The mere unilateral inadvertence or mistake of counsel is generally not considered to be "excusable neglect." Thus, courts have consistently denied relief when a notice of appeal has not been timely filed because a lawyer was busy with other work. The United States Court of Appeals for the First Circuit Court found that the trial court had abused its discretion when it granted relief because a lawyer was busy negotiating a collective bargaining agreement. In language reflecting the attitude of most courts that have been presented with similar questions, the Court of Appeals ruled:

We do not consider the fact that an attorney is busy on other matters to fall within the definition of excusable neglect. Most attorneys are busy most of the time and they must organize their work so as to be able to meet the time requirements of matters they are handling or suffer the consequences. [citation omitted] Filing a notice of appeal does not require much time or deliberation. Pinero Schroeder v. Federal National Mortgage Association, 574 F.2d 1117, 1118 (1st Cir.1978).

See also Maryland Casualty Co. v. Conner, 382 F.2d 13, 17 (10th Cir.1967); Begin v. Jerry's Sunoco, Inc., 435 A.2d 1079, 1083 (Me. 1981); and Bosworth Data Services, *186 Inc. v. Gloss, 587 P.2d 1201, 1203 (Colo. App. 1978).[8]

The Federal courts have also held that the mere ignorance or carelessness of an attorney or his client, without more, will not provide the basis for Fed.R.Civ.P. 60(b) relief. Chick Kam Choo v. Exxon Corp., 699 F.2d 693, 695 (5th Cir.), cert. denied, 464 U.S. 826, 104 S. Ct. 98, 78 L. Ed. 2d 103 (1983); Cline v. Hoogland, 518 F.2d 776, 778 (8th Cir.1975); and Edwards v. Velvac, Inc., 19 F.R.D. 504, 507 (E.D.Wis. 1956), cert. denied, 354 U.S. 942, 77 S. Ct. 1397, 1 L. Ed. 2d 1537 (1957). Thus, courts have refused to grant Fed.R.Civ.P. 60(b) relief in cases where relief is based upon an attorney's being busy on other matters. Clergy and Laity Concerned v. Chicago Board of Education, 586 F. Supp. 1408, 1410 (N.D.Ill. 1984), and Picucci v. Town of Kittery, Maine, 101 F.R.D. 767, 768 (D.Maine 1984).

III.

Parties seeking relief pursuant to Tenn.R.Civ.P. 60.02 have the burden of demonstrating that they are entitled to relief. Hopkins v. Hopkins, 572 S.W.2d 639, 640 (Tenn. 1978), and Page v. Page, 672 S.W.2d 423, 427 (Tenn. App. 1984). Requests for relief pursuant to this rule are addressed to the discretion of the trial court. Thus, the role of this Court is to review the record to determine whether the trial court exercised its discretion properly. Travis v. City of Murfreesboro, 686 S.W.2d 68, 70 (Tenn. 1985). Based upon the facts in this record, we have determined that the trial court should not have vacated its original order directing a verdict for the defendant in order to enable Mr. Jefferson to file an untimely appeal. To rule that a party can be excused from compliance with the strict requirements of Tenn.R.App.P. 4(a) merely because his lawyer was busy doing something else would establish a precedent that would be difficult to follow in future cases and would permanently dilute the significance of the time limit in Tenn.R. App.P. 4(a).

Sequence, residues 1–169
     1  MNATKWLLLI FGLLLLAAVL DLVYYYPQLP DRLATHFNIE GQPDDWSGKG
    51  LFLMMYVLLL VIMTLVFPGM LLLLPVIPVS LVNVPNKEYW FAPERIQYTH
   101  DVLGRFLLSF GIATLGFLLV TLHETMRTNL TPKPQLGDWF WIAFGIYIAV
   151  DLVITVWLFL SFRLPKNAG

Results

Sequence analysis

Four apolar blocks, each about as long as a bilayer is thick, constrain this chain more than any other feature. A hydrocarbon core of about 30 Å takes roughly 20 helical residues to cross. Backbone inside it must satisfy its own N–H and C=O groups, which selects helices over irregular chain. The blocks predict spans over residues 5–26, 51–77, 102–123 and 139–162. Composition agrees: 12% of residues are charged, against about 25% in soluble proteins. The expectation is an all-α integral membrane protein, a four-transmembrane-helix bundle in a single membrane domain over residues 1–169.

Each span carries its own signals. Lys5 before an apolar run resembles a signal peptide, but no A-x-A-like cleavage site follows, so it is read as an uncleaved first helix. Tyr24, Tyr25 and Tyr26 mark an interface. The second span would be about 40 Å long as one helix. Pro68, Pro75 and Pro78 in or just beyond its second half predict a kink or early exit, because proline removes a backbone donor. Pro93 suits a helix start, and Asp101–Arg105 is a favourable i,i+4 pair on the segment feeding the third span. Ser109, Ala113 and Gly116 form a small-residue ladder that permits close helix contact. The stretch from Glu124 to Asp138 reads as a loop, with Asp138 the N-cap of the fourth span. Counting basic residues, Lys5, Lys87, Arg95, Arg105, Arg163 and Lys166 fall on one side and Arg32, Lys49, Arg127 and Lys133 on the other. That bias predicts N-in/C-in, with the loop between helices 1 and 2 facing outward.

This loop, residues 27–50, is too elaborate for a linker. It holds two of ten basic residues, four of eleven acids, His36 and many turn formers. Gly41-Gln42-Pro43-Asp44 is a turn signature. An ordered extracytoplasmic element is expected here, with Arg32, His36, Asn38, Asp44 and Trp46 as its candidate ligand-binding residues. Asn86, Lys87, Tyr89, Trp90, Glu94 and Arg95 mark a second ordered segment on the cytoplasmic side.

In this case, Mr. Jefferson was represented by an experienced lawyer who has a demonstrated familiarity with the Tennessee Rules of Appellate Procedure and with the operation of Tenn.R.Civ.P. 60.02.[9] His case was dismissed only after he had been given the chance to try it on its merits,[10] and there is no question that both Mr. Jefferson and his lawyer had timely notice of the entry of the order dismissing the case. None of the extraordinary circumstances that have prompted similar relief in other cases is present in this case.[11] The only basis upon which relief was sought, and therefore upon which relief could be granted, was that Mr. Jefferson's counsel forgot to file a notice of appeal in time. This has never been an adequate basis upon which to grant extraordinary relief pursuant to Tenn.R.Civ.P. 60.02. Thus, we *187 have determined that it does not now provide an adequate basis to grant relief in this case.[12]

IV.

Having determined that Mr. Jefferson should not have been permitted to file an untimely appeal, we do not reach the merits of the issues he raises. We have, however, considered the issue raised by the company that this was a frivolous appeal. Based upon the unsettled state of the law with regard to a trial court's authority to use Tenn.R.Civ.P. 60.02 to permit an untimely appeal, we find that this was not a frivolous appeal.

For the reasons stated herein, the judgment of the trial court is reversed and this appeal is dismissed.

The costs of this appeal are taxed against Mr. Jefferson and his surety for which execution, if necessary, may issue.